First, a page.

Equally important: Unlike marketing communications campaigns for specific seasons and markets, results of place brand strategies can only be measured mid- to long-term, so make sure to manage stakeholder expectations and to agree on measurable, realistic KPIs.
Lastly, make sure you invite the right persons to form part of your place brand committee. Change the language if needed to reach problematic or skeptical stakeholders. For instance, you may want to avoid the term branding (which is both disliked and often misunderstood) and instead focus on talent attraction or destination competitiveness.
One example, the GREAT Britain campaign – 2016 CNP Award winner for best communications strategy – doesn’t talk to the government about place branding, but about economic development to create jobs and attract investment. Likewise, the team in charge of I Amsterdam avoids the term place branding, which really is just a short form for the sum of brand strategy development, reputation management (monitoring, assessment) and place promotion.
A Tale of Two Cities
Moving on from the workshops to the actual conference, a very engaging presentation was called A Tale of Two Cities, in which Fred Dixon, CEO of New York & Co, and Frans van der Avert, CEO of Amsterdam Marketing, shared their respective work experiences and city branding challenges. Did you know that..
- Amsterdam now has a problem of biking space. There are more bikes than people. Frans van der Avert himself has three bicycles,
- Amsterdam has stopped marketing the city destination outside of the country because of too many visitors (see above point on overcrowding). Instead they focus on improving visitor experience and try to soothe frustration among residents caused by overtourism,
- To take pressure off the inner city, Amsterdam Marketing increased the destination by including surrounding places under the Destination Amsterdam umbrella.
- Right on the other side of the Atlantic, New York City brand leaders have been working hard against the perception of New Yorkers being unfriendly and not welcoming towards tourists. One way to change attitude: turn locals into tourist through the #seeyourcity campaign,
- Naturally, New York has also an overcrowding problem in its massive inner city, so tries to break seasonality and to create new destinations city-wide. Sometimes, unique hotels or venues become destinations by themselves.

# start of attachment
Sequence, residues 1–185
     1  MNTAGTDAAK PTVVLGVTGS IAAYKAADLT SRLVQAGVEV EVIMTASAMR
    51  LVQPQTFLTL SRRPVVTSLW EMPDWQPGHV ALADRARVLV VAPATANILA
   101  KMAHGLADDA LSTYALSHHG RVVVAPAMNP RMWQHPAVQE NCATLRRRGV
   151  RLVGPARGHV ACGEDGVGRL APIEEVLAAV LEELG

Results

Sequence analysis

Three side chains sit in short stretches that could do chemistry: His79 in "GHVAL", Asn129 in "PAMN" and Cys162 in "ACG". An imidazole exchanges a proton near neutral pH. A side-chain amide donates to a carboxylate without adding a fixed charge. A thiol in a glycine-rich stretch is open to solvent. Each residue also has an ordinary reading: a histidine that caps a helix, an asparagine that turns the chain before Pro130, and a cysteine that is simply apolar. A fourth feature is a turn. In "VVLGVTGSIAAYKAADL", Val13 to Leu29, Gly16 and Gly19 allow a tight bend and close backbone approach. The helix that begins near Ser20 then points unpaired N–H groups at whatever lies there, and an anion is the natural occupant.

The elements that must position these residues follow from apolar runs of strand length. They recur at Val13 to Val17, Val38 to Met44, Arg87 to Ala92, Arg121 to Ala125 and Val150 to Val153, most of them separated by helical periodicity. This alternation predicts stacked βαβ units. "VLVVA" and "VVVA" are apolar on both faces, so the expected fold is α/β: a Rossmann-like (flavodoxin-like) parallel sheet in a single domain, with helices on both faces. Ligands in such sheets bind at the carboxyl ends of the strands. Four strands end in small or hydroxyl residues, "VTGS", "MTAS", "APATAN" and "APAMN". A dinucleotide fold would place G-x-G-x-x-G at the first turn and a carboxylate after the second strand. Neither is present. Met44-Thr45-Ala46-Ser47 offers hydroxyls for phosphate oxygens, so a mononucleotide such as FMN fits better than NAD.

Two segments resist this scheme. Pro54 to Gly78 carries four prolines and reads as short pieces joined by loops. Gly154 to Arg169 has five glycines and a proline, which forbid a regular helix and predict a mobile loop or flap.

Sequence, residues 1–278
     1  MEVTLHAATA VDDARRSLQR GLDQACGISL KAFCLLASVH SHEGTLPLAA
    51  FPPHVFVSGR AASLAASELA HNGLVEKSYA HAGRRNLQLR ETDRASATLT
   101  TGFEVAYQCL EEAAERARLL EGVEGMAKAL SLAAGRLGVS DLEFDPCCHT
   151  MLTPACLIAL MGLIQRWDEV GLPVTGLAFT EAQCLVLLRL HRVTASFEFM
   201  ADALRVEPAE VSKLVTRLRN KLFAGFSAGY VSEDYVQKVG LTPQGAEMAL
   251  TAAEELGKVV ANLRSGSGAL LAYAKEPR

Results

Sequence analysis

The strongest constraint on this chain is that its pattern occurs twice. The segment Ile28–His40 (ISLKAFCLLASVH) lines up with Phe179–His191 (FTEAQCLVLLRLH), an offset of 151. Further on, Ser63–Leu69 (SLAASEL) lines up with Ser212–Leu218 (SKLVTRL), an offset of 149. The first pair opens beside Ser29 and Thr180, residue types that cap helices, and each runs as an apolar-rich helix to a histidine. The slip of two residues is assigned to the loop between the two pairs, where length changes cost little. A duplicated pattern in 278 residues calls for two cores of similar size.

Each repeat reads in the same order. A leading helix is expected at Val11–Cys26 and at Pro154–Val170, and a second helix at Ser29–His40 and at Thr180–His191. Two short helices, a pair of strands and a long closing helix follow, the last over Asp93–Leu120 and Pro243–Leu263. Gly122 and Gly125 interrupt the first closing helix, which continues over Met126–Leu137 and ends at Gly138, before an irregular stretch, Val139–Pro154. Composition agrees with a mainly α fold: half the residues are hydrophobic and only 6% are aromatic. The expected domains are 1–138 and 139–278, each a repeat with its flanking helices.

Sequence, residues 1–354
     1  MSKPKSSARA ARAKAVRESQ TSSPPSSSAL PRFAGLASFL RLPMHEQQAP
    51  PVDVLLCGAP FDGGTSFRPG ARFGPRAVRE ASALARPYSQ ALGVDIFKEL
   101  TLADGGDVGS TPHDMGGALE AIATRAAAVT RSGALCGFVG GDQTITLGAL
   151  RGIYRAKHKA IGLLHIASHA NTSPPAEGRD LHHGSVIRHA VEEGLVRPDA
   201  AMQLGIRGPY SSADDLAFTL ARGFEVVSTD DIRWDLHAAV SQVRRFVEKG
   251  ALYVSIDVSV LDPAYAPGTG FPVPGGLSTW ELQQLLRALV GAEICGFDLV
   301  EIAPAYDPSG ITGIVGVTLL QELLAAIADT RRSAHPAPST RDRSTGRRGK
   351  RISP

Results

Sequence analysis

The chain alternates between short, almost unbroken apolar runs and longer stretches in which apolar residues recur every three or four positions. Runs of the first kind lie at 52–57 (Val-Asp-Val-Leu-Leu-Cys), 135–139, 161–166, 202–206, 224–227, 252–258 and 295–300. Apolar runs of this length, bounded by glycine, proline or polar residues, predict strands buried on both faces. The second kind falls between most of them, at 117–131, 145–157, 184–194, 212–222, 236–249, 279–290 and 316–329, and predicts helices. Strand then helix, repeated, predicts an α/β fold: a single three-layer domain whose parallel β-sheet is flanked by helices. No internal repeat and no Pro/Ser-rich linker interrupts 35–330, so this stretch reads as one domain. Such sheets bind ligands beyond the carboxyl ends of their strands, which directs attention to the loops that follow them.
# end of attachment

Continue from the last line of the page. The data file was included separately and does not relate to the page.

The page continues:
Because reporting on all presentation is beyond the scope of this summary, I’ll instead highlight some of the trends we now see around the world, linked to place reputation and place branding:
- Symptoms of success: City destination are moving from place marketing/promotion to reputation management,
- Sharing Economy: Regulating the Sharing Economy has become a key focus for cities, such as Amsterdam and New York, not least to minimize reputational threats and loss of perceived authenticity,
- Countries versus Cities: Capital cities in particular now get more attention than their regions or countries, and are taking center stage in place branding. But strong nation brands also benefit regions and cities,
- Accountability: Place brand(ing) measurement and definition of KPIs as tricky as always. Robert Govers suggests three ways to measure place brand performance: Impacts, Outcomes and Outputs,
- Uniqueness: Every place is different, which means there are no standard KPIs to use. Get inspiration from the place branding work of others, but don’t copy/paste. Adapt strategies to your place’s needs and specifics,
- Experience: Focus on creating memorable experiences. Be trustworthy, interact, engage – Magdalena Florek.
To conclude this summary of the 2016 City Nation Place Forum in London, a quote from the presentation by Jeremy Hildreth:
The best place brand stories aren’t those manufactured or created, but those already there, waiting to be (re)discovered and found.
Place branders, use your imagination and remember that this isn’t about concepts, but about concretes.
With thanks to Natalia Ferrer Roca and Tanya Makarova for sharing notes and contributing to this summary of key insights from the City Nation Place Forum in London, 9-10 November 2016.